Will a ballot initiative overturn California’s climate law?


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The battle to delay enforcement of California’s sweeping global warming law, the toughest in the nation, is heating up. Oil companies -- along with an obscure Missouri conservative action group -- injected a new infusion of cash into signature gathering for a November ballot initiative -- reporting the contributions late Friday night to the California secretary of State. That brought the total behind the initiative to $1.9 million so far. Los Angeles-based Occidental Petroleum came on board with $300,000 to battle AB 32.

Meanwhile, San Francisco’s Green Tech Action Fund, an offshoot of the nonprofit Energy Foundation, cut a check for $500,000. Along with contributions from the Environmental Defense Fund and the Natural Resources Defense Fund, that brought the total spent so far to fight the initiative to $637,500. Google, Applied Materials, and the Silicon Valley Leadership Group, representing the tech industry, have signed pledge cards to join the campaign against the initiative. The National Venture Capital Assn., representing 400 firms, announced its opposition last week, saying any delay in enforcement of AB 32, the climate law, would mean that ‘promising companies will either move elsewhere or fail for lack of market traction.’


Speculation has begun that, if the measure qualifies for the ballot, expenditures on both sides -- Silicon Valley vs. Big Oil -- could top $150 million, given the billions at stake in the state’s pioneering effort to combat climate change and spur a green-tech economy. Gov. Arnold Schwarzenegger, the climate law’s enthusiastic defender, has offered to compromise with industry critics by ramping it up slowly and allowing polluters to buy offsets to avoid big expenses.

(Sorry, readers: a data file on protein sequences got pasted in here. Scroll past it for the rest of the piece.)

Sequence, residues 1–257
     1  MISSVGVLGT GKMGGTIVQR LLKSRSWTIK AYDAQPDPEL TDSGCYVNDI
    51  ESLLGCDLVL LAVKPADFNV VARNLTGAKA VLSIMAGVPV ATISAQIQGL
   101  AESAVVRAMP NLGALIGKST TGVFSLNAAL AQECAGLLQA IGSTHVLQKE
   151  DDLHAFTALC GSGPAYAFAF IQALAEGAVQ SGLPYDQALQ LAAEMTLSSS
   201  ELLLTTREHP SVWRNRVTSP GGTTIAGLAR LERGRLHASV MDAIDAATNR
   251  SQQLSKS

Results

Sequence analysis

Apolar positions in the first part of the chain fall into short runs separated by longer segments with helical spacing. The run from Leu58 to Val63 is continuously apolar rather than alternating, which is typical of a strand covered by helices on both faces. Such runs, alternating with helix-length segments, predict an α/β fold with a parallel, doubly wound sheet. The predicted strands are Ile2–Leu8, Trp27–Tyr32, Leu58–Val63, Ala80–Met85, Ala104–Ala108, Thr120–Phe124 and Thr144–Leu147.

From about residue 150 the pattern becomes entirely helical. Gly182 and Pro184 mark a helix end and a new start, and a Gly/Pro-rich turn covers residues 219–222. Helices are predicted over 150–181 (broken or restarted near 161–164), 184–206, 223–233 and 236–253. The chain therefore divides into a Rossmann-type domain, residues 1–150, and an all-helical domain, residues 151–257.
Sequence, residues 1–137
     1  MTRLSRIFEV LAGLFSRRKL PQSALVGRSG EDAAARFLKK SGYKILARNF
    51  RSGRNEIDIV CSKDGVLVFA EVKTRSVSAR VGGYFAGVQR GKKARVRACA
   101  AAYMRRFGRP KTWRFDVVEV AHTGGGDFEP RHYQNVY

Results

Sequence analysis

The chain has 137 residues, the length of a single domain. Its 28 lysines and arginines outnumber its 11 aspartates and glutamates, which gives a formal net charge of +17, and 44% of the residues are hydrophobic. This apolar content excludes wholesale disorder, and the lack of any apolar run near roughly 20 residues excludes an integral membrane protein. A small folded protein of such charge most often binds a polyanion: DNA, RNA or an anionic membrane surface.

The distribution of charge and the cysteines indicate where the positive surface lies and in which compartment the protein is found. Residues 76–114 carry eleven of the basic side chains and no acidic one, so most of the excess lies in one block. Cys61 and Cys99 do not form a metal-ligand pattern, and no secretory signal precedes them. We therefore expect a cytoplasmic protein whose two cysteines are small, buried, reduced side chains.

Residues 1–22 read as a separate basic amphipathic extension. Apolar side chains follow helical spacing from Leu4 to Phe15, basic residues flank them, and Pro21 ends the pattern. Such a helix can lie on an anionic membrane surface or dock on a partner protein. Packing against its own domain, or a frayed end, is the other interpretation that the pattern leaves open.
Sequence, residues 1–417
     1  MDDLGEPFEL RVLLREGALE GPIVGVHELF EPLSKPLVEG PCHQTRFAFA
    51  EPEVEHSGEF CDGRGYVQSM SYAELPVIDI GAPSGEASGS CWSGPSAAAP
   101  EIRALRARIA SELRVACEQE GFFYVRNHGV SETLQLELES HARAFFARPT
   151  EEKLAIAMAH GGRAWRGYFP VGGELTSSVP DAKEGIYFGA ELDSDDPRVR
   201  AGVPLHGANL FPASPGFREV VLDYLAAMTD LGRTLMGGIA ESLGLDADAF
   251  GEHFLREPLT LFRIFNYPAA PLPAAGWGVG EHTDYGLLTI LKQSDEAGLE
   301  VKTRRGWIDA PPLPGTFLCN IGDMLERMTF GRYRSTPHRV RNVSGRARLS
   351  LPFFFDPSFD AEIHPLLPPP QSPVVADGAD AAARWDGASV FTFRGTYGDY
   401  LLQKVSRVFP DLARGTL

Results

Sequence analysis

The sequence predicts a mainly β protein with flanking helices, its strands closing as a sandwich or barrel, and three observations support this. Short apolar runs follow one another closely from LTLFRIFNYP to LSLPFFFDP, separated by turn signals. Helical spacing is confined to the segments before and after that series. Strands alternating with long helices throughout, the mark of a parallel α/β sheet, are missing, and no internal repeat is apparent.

On Sunday, the California Democratic Party convention voted to include language in its platform saying, ‘To safeguard our cherished environment, California Democrats will oppose any attempt to roll back or weaken the state’s landmark Global Warming Solutions Act.’ Democratic gubernatorial candidate Jerry Brown opposes the initiative to delay the law; GOP candidates Meg Whitman and Steve Poizner support a delay. Activists have launched a boycott of gas stations run by Valero Energy Corp. and Tesoro Corp. -- the Texas-based refinery giants who are among the initiative’s biggest funders.

Read more here on what’s happening with the ballot initiative.

-- Margot Roosevelt